Effectiveness of Cognitive Behavioural Therapy (CB
- Trower conducted a controlled trial of CBT and found sufferers felt less threatened by their hallucinations, reduced positive and negative symptoms and a better quality of life. This clearly shows CBT is an effective therapy.
- However, most studies into CBT have been conducted with patients who were being treated at the same time with anti-psychotic medication. Therefore, it is difficult to assess the effectiveness of CBT alone.
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Appropriateness of Cognitive Behavioural Therapy (
- CBT has been found not to be suitable for ALL patients, especially those who are thought to be too agitated/paranoid to form trusting relationships with the therapist. Kingdon found psychiatrists regard older patients as being less suitable than younger patients for CBT as older people tend to be more 'set in their ways' (stubborn and pessimistic towards treatment). This points to the idea that this treatment is not appropriate for all.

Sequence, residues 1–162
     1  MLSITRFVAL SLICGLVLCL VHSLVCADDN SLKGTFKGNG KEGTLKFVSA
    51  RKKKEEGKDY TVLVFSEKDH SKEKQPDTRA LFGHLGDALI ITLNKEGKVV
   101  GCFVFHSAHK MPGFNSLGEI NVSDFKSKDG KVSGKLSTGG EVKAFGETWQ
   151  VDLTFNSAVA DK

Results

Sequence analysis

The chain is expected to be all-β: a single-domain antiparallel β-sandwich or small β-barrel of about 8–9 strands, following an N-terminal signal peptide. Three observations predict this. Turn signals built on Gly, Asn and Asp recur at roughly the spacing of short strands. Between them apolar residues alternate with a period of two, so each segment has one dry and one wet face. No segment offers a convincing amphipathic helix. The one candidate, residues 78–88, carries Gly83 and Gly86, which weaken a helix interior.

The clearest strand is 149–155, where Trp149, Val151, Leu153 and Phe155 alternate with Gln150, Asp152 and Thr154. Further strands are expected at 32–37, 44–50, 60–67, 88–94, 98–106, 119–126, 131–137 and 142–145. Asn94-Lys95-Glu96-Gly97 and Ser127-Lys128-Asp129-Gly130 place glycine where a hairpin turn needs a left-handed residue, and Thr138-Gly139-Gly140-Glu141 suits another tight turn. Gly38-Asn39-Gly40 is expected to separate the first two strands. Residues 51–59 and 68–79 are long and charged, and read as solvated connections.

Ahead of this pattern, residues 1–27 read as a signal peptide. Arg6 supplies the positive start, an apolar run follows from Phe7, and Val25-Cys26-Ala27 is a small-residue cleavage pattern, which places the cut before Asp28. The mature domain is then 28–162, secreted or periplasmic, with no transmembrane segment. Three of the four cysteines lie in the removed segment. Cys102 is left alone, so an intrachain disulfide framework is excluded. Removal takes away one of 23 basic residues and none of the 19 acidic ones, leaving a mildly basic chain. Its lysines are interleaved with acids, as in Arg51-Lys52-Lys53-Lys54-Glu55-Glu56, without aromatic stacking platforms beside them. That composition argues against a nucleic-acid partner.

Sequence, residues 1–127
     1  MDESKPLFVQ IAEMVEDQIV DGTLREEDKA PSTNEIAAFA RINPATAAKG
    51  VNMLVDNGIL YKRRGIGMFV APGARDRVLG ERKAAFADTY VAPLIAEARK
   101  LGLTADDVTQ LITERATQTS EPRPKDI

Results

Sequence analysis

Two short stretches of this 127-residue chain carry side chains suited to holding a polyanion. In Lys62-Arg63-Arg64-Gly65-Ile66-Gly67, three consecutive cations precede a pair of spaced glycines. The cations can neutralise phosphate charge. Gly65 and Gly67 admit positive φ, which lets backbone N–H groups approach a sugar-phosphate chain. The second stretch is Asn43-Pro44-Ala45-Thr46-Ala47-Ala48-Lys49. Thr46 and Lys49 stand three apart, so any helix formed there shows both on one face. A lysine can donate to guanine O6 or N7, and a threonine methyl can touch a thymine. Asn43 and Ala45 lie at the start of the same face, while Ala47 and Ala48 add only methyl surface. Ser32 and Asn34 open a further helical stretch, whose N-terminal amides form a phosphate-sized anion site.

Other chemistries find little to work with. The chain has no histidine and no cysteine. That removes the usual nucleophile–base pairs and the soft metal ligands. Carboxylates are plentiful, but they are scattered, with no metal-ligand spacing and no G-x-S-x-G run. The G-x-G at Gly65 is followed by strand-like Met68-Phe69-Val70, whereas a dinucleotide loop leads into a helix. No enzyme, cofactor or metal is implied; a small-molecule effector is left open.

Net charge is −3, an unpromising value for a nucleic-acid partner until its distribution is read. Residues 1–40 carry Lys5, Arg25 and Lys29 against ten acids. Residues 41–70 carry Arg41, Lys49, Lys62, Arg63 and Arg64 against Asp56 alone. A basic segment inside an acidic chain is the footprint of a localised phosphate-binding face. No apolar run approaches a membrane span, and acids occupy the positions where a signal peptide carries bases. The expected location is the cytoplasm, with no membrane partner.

- Furthermore Rathod found that white therapists had less success using CBT with Afro-Carribeans than white patients. This suggest CBT is only appropriate if the degree of empathy and identification is high. (Here would be a great place to bring in the issue of Culture Bias - that CBT is only relevant for certain types (races, ages) of people.
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